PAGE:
Education of Children and Youth."
The guest speakers at the con
ference will be:
Harold Benjamin, Chairman, Di
vision, Social Foundation of Edu
cation, George Peabody College for
Edgar Daxe, professor of Edu
cation and Research Associate,
Bureau of Instructional Research,
Ohio State University.
Charles Ford, Vice-President and
Editorial Director, F. E. Compton
and Company, Pictured Encyclope
Frank Henzlik, Dean, Teachers
College, University of Nebraska.
Wesley Meierhenry, Professor,
School Administration, History and
Principles of Education, University
Norman Wicks, Manager-Institutional
Television, General Preci
sion Laboratory, Inc.
Wednesday's program will be
held in the Union Ballroom under
the direction of Madison Brewer,
Professor of Elementary Education
and Chairman of the Department.
The format will be as follows:
1:30-1:45 p.m. Orientation Session
"Unique Features of
1:45-3:30 p.m. First General Ses
"World of Tomor
row" Harold Benja
min Lesson Changed
Beginning bridge lessons will
be taught at 3 o'clock each Tues
day afternoon, according to Jim
Porter, University bridge In
structor. Advanced lessons will continue
to be taught at 4 p.m., he said.
The change was necessitated
by the large number of students
attending the lessons, Porter explained.
cipient of aviation's "oscar" for
outstanding service in interpreting
the air age world.
Dr. Furbay holds degrees from
Ohio Stale University, New York
University, and Yale University.
During his educational career he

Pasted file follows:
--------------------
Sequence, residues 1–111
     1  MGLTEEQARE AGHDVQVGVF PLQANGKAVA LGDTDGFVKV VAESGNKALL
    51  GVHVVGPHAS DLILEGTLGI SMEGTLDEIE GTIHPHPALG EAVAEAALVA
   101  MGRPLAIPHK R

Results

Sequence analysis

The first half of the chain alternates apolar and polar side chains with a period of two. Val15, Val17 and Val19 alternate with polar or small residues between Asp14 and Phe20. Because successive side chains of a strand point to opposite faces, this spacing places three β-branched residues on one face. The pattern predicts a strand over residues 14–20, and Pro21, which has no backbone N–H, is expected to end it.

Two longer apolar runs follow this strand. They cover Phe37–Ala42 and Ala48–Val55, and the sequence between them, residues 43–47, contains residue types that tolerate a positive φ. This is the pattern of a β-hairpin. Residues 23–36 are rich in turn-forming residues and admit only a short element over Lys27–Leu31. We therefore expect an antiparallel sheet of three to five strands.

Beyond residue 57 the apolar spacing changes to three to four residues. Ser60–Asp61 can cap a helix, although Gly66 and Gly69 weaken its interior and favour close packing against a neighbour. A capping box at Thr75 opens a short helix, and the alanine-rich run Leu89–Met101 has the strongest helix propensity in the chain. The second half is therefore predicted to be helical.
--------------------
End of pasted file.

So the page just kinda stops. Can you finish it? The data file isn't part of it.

has been a professor in several
universities, including the Univer
sity of Hawaii, the University of
Geneva, and the American Univer
sity in Cairo, Egypt. He was also
president of the College of West
Africa in Monrovia, Liberia.
Dr .Furbay was a delegate and
reporter at the first Pan-American
Conference on Cultural Cooperation
at Havana, Cuba; and served as
the aviation observer on the U.S.
delegation to UNESCO in Mexic3
City, Beirut, Paris, and Florence.
During World War II, Furbay
carried out several special War De
partment assignments related to
the invasion and occupation of
Africa. He is presently one of the
national advisors to the Civil Air
He is a fellow of the Royal Geo
graphic Society of London, the
Royal Anthropological Society, and
the National Geographic Society.
For several years he served as
Senior Specialist in the U.S. Office
of Education and as an educational
attache In the U.S. Embassies oi
Costa Rico and Colombia.
In addition to his jobs with TWA
and the Civil Air Patrol, Dr. Fur
bay is a prominent member of the
staff of the World Seminar on Edu
cation in Geneva, Switzerland.
Mrs. Gretchen Ellefson will re
view the book, "Professional Ama
teur", in the Union Faculty Lounge
on Monday, at 4 p.m., according
to Bob Handy, Student Activities
Mrs. Ellefson is a student in the
College of Arts and Sciences, maj
oring in speech.
The book, written by Thomas
Alvin Boyd is a biography of
Charles Franklin Kettering.
Kettering, after 27 years as bead
of the General Motors' Research
Laboratory is kind of a twentieth
century Ben Franklin.
Kettering has supported many
educational and scientific institu
tions and today he contributes to
research on solar energy, the small
airplane and cancer.